The COVID-19 pandemic has meant that pausing essential work on neglected tropical diseases like trachoma has been unavoidable. With social distancing measures in place, normal activities such as administering drugs to protect whole communities from trachoma, and bringing groups of people with trichiasis into centres for surgery, are difficult to carry out safely.
However, patients – likely in terrible pain from the symptoms of trichiasis, where the eyelashes turn inwards and scratch the eye – still need help during this challenging time.
So, where it has been safe to do so, and in line with country government and WHO guidelines, trained personnel like Babacar have continued to work.
Babacar is the head nurse in the village of Thiawene in Senegal. As trachoma patients came to his clinic seeking help during the country’s lockdown, he was determined to continue performing surgery safely. Babacar has been working in eye care since he graduated from nursing school in 2005 and has been performing TT surgeries since 2011.
“My big brother was a nurse and TT surgeon and was very appreciated by the communities because of the eye care he offered them,” explains Babacar. “As soon as I finished my nursing training, I went to him to do my internship. And it was during this period that I started to love eye care.”
But shortly after, Babacar’s brother died. That was when Babacar decided that dedicating his working life to eye health was the best way to remember his brother.
Because of the pandemic, Babacar’s team has had to adapt day-to-day work at the health post in Thiawene.
To keep visitors to the health post safe from COVID-19, Babacar has had to conform to general restrictions, similar to those in place all around the world: “On a daily basis the restrictions are social distancing, suspension of travel between departments and between regions, limitation of people in mosques, a ban on assembling in groups, curfew from 11pm to 5am and avoiding shaking hands.”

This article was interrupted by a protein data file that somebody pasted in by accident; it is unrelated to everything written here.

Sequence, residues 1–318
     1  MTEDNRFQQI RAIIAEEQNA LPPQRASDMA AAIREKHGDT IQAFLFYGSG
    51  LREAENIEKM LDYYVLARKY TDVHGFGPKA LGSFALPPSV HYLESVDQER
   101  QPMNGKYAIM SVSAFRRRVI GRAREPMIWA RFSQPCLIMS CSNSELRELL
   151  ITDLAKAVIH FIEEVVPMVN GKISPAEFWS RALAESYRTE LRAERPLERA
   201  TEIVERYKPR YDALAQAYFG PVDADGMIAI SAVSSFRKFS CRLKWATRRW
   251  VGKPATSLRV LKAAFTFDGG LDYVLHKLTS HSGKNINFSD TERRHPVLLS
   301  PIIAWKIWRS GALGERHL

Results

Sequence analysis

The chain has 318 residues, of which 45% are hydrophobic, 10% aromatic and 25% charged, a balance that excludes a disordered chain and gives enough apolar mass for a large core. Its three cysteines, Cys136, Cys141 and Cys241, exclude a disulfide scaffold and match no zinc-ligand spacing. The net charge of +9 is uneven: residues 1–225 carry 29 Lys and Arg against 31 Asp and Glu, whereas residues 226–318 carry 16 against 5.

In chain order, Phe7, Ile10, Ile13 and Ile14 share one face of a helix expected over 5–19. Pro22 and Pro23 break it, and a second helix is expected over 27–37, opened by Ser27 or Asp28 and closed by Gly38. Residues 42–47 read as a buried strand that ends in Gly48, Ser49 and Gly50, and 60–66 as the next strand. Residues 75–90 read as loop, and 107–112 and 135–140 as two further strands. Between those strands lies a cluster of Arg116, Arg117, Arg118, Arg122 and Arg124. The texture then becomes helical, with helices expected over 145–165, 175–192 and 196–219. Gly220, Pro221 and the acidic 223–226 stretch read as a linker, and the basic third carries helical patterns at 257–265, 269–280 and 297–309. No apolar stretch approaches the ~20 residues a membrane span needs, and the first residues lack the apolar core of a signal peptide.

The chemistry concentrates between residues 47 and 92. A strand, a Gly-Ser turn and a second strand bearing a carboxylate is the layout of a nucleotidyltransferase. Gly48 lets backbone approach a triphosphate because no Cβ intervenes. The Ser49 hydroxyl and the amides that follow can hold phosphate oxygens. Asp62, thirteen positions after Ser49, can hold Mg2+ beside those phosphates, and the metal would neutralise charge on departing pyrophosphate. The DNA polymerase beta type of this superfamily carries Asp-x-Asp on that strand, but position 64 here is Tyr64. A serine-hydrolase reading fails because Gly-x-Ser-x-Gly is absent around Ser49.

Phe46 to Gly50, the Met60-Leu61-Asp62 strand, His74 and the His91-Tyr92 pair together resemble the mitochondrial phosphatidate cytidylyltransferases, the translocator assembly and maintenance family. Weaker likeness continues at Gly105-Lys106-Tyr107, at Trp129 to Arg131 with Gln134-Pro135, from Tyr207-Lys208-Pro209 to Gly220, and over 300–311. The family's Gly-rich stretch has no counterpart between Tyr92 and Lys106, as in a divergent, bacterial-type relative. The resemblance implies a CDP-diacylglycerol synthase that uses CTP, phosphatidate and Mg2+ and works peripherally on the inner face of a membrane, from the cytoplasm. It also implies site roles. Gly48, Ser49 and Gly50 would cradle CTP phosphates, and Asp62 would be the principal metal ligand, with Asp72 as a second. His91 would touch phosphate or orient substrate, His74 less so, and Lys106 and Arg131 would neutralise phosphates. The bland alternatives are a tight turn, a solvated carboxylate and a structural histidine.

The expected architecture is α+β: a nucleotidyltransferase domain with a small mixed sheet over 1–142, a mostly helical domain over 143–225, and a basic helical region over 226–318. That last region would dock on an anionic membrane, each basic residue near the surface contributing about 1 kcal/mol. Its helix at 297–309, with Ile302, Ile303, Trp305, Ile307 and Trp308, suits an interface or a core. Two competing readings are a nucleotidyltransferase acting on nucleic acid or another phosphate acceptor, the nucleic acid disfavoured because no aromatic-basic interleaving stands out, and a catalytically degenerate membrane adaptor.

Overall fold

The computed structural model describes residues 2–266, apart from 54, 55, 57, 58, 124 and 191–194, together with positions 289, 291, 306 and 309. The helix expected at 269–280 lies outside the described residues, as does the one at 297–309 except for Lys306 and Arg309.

In addition, the post is limiting the number of appointments to 20 each day, with only one session a week for surgeries. These limitations have meant an increased waiting time for patients but are important to follow to minimise risk to all those involved.
Before the pandemic, Babacar would travel to remote communities to treat people who couldn’t easily access the clinic. But under the restrictions, this hasn’t been possible and so many of those affected can’t receive the treatment they need.
As well as limiting the number of appointments, the team quickly put further sanitation measures into place inside the health post, as Babacar explains: “We require people to wash their hands with water and soap or rub them with gels, and wear the masks. Health workers must follow the same instructions… as well as use other protective equipment depending on the pathology to be treated.”
While these new measures are essential, they bring their own challenges, including ensuring people wear masks correctly, and even sometimes having to convince people that COVID-19 exists.
Babacar rapidly responded to these challenges and has reassured people that it is still safe to seek healthcare at this time. He has also been raising awareness of COVID-19, the correct use of masks and updated health facility measures.
During the month of May, Babacar held 576 consultations and carried out 36 TT operations. While some might believe that health centres shouldn’t open during the global pandemic, Babacar would argue that not opening them at all could potentially pose a greater threat.
In addition to people’s conditions worsening and even going blind during the lockdown period, there is a risk of disengaging them from accessing treatment more permanently. Babacar thinks that closing health posts could even increase the spread of the pandemic: “If people are rejected, they will no longer trust the health workers and they will go to the traditional healers, which could complicate their state of health and increase COVID-19 risks,” he says.
In Senegal, the end of trachoma as a public health problem is in sight over the coming years. But Babacar worries that the additional costs of COVID-19 protection measures, and a wariness of some to attend health facilities, could potentially put the target trachoma elimination date back further.
However, he is also hopeful that the communications around the global pandemic can reach villages where diseases spread easily because of their limited access to water, sanitation and hygiene. COVID-19 communications might even “help to reduce the risk of infections of illnesses linked to dirty hands including trachoma and airborne diseases”, speculates Babacar.
In coordination with ministries of health, we are now making plans to resume activities safely in the countries we work in as soon as possible. To keep health workers and patients protected from COVID-19, we have developed a risk assessment mitigation action tool in close collaboration with governments, partners and donors. This ensures that decisions made to resume work on neglected tropical diseases outweigh the risk of spreading COVID-19 in targeted areas. This tool also factors in the health system’s capacity to effectively conduct safe and high-quality health interventions in the context of the COVID-19 pandemic.